We simply do not like asceticism. We may do it in religious practice if it doesn’t interfere with our lifestyle too much – but if starts to encroach…if asceticism calls us to change what kind of vehicle we drive (or if we even drive one), what sorts of electronic devices we use (or if we even use them), etc. we start getting uncomfortable.

    Michael, I agree that the solution is sacramental. Political change seems appealing because it promises to move faster (let’s MAKE everyone do what should be done) – but it all falls apart in the end. Sin just finds a new structure through which to express itself – if there is no change of heart.

  80. Christopher says

    “I’m curious, Christopher, where do you live where they actually prevent humans from ruining natural areas? Sounds idyllic….We simply do not like asceticism. We may do it in religious practice if it doesn’t interfere with our lifestyle too much – but if starts to encroach…if asceticism calls us to change what kind of vehicle we drive…”

    First of all, you are absolutely correct that I do not like asceticism. I struggle against it everyday! Or perhaps more accurately, my sinful passions cooperate with the demons against my efforts. Recently, I have been making a note of just how many times I cooperate with these demons in just my thoughts before I am able to make my way to morning prayers. It’s incredible is it not – almost enough to drive one to the sin of despair if we did not have Faith.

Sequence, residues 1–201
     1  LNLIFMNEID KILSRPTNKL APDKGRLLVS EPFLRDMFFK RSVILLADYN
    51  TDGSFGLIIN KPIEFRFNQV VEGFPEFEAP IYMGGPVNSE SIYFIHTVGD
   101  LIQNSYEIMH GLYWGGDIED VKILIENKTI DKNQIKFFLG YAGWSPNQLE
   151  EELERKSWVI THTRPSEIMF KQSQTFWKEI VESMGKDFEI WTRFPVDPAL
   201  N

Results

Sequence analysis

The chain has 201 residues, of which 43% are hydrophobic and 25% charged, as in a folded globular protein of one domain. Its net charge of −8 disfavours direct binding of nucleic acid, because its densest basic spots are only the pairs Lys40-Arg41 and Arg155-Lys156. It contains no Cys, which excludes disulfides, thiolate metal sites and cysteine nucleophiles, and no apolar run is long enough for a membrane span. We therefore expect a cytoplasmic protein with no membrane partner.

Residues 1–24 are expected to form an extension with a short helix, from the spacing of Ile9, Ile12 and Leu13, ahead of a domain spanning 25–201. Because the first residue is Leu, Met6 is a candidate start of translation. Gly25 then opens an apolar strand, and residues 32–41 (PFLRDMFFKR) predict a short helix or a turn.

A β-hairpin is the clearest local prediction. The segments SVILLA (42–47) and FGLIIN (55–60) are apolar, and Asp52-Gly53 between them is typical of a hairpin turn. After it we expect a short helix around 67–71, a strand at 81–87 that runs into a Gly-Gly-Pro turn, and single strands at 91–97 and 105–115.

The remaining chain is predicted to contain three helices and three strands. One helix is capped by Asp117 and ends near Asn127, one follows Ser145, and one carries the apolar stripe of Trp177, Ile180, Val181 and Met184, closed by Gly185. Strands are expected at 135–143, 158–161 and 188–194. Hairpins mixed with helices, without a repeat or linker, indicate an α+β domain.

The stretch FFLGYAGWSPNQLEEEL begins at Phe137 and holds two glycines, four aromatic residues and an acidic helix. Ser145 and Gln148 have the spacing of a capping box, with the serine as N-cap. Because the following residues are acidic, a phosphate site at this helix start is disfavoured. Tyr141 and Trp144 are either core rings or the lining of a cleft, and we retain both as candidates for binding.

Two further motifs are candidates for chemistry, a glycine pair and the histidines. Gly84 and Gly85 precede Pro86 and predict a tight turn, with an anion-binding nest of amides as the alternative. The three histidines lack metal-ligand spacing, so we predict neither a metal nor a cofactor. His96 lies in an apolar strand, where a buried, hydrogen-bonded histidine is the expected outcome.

That said, I would make some important distinctions. Since I do not subscribe to the reasoning (technological or moral) behind say, “reducing my carbon footprint” (indeed, as I cite above, increasing CO2 levels is probably a moral good), I don’t see how I can link acesis to driving a small, fuel efficient vehicle for example. Indeed, since all things being equal (i.e. crash worthiness in design/construction) a larger vehicle is safer than a smaller one (this is a proven fact and is simply due to physics, crush space around occupants, etc.) the prudent, moral thing to do is to drive the largest and heaviest vehicle I can practically afford to purchase. (again due to physics this means more weight=more energy spent moving it=more fuel burnt) See Ralph Nader, the Insurance Institute for Highway Safety, etc. for a background in all this (i.e. don’t take my word for it! :) ) You see, while I pray to God to protect my family from bodily harm I also attempt to act prudently by driving defensively, and driving the safest vehicles I can purchase. The extra cost of fuel (which in actuality is only a few hundred dollars a year) is well worth the price (as you know, the cost of a TBI suffered in a serious automobile accident far exceeds a few hundred dollars).